A Devotion May Be Someone's Only Bible

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20/20 Vision

"[Hagar] gave this name to the LORD who spoke to her: 'You are the God who sees me.'"  Genesis 16:13 NIV

Photo courtesy of pixabay.One day without warning, my vision was normal and the next, something was wrong . . . very wrong.

At first, I thought the flashes of light came from a passing school bus in the early dawn, but before long I realized the flashes originated from within my right eye, along with a few floaters. Before I could find my way into the ophthalmologist's chair, my vision diminished.

Apprehension darkened my outlook. I had to see well . . . to write, to drive, to work, to help my daughters, to maintain my independence. Fear gnawed at the edges of my trust in the faithful God whom I love.

For the first time, I could empathize with my late husband's concerns about failing vision after a TBI left him with serious eye issues. Not that I didn't sympathize, but now I understood. I wished I could tell him so.

Hagar was a servant girl lost in the wilderness centuries ago. Yet she drew confidence from the God who saw her.   

Despite my jumbled thoughts and emotions, I thanked God I could see today . . . the brightening brilliance of a sunrise and the soft glow of sunset, crimson and golden leaves against a sapphire sky, sparkly snow gracing every branch and bush, greedy sparrows at my feeders, and photos of my daughters and grandsons. The ordinary became extra-ordinary!

I also became acutely aware of the "sight" words we use every day. Words like look, see, view, watch, and focus. Tears slipped down my cheeks at church when we sang "Be Thou My Vision.” Passages of Scripture leaped off the page. Stories of Jesus healing the blind, verses urging us to look to Jesus as our example, and promises that we will someday see Him face to face.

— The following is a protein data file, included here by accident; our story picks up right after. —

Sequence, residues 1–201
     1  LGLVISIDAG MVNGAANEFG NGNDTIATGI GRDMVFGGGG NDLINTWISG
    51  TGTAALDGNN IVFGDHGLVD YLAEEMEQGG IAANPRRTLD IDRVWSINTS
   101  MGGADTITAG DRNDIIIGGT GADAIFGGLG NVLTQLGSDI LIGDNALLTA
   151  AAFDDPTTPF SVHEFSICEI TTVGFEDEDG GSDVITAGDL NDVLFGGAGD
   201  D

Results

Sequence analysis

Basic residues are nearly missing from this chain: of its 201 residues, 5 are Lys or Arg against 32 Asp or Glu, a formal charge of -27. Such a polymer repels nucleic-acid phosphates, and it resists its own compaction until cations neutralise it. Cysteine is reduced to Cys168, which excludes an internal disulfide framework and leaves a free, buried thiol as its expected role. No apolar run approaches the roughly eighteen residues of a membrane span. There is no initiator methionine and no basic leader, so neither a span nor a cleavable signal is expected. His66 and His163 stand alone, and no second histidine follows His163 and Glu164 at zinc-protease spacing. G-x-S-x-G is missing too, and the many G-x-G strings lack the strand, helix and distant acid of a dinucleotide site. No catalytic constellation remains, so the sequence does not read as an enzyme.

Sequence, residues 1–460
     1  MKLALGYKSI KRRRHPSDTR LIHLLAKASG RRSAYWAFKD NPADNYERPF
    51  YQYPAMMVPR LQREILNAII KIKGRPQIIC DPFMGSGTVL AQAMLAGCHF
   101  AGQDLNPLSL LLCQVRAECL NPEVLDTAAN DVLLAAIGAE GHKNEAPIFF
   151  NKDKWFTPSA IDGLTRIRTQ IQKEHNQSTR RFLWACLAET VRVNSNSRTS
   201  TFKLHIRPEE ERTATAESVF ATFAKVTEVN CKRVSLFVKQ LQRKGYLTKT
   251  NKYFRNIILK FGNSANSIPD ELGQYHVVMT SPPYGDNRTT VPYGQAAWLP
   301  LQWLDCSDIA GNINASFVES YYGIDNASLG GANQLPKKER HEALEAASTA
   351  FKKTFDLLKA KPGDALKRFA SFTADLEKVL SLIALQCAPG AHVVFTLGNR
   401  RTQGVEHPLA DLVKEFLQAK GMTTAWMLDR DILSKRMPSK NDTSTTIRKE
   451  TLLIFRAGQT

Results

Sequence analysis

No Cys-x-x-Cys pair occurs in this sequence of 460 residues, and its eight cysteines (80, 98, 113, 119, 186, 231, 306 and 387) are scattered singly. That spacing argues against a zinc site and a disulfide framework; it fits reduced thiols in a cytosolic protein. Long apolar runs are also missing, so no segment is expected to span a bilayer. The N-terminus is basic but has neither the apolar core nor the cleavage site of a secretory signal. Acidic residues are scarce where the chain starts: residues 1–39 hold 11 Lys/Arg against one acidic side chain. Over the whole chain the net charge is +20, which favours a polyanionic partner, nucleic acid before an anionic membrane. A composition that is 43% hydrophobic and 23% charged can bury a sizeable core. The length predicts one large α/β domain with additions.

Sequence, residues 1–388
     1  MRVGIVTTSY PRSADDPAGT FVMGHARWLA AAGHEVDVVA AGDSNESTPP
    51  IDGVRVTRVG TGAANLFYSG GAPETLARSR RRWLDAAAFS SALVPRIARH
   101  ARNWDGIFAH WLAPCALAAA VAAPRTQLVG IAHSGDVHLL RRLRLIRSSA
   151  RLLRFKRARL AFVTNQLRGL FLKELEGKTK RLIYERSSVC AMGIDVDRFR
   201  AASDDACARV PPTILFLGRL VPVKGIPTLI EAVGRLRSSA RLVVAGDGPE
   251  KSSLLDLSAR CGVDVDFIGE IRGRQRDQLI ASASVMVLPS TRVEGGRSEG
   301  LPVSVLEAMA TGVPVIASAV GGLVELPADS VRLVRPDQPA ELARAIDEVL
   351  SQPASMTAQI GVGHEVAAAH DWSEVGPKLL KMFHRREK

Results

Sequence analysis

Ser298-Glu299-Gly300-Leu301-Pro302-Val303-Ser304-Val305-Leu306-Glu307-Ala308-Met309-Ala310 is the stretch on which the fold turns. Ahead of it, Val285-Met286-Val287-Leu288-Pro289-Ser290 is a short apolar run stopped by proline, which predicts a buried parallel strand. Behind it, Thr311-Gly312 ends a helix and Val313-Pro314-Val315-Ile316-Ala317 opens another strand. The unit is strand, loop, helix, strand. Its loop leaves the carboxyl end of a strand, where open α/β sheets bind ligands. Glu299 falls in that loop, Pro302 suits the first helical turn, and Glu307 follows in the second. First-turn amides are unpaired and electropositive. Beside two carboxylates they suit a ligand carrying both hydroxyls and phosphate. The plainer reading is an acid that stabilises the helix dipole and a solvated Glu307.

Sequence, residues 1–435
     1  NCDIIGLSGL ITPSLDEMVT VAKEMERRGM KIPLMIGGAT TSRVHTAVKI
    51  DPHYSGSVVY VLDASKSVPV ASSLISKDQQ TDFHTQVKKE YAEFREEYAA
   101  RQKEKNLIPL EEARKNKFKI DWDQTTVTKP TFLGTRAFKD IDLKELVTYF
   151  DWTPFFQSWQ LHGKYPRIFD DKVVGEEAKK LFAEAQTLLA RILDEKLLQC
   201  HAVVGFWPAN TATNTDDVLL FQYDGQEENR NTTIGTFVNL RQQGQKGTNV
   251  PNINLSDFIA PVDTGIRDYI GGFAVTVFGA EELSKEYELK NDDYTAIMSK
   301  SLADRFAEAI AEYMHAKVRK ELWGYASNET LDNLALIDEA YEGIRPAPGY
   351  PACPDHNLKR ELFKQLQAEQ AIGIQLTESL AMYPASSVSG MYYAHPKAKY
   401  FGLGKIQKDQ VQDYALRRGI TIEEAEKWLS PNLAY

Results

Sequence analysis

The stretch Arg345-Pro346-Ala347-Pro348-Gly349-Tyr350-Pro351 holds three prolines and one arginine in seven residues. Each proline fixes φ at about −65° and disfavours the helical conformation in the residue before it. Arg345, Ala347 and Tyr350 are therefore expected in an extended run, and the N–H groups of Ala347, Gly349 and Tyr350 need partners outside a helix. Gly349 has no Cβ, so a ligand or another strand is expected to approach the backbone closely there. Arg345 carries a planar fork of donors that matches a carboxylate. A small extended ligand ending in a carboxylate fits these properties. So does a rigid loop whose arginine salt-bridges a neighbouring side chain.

After five weeks, my eye became stable. Using a protocol to strengthen my vision and support eye health, I'm guardedly optimistic . . . and still more grateful than ever.

What we have trouble seeing in our present circumstances may have little to do with our physical vision. Our way often seems cloudy and uncertain, but God’s vision is always 20/20. He sees with clarity and understanding, both near and far.

Trust God’s vision even when yours is blurry. 

(Photo courtesy of pixabay.)

(For more devotions, visit Christian Devotions.)

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Sarah Phillips

Sarah Lynn Phillips and her husband, Barry, live in Northeastern Pennsylvania and have three daughters. Their family has expanded to eight, including a three-year-old grandson named Ty. Sarah is a freelance writer and editor of The Women’s LINK, a seasonal church and community newsletter. Her blog, PENNED WITHOUT INK (www.sarahlynnphillips.com) reflects how God’s ultimate story touches our stories.


  1. Thanks for your devotion. I've been legally blind all my life and I'm planning on getting into this field of devotional freelance writing. Please pray for me about that. Thanks and God bless you richly.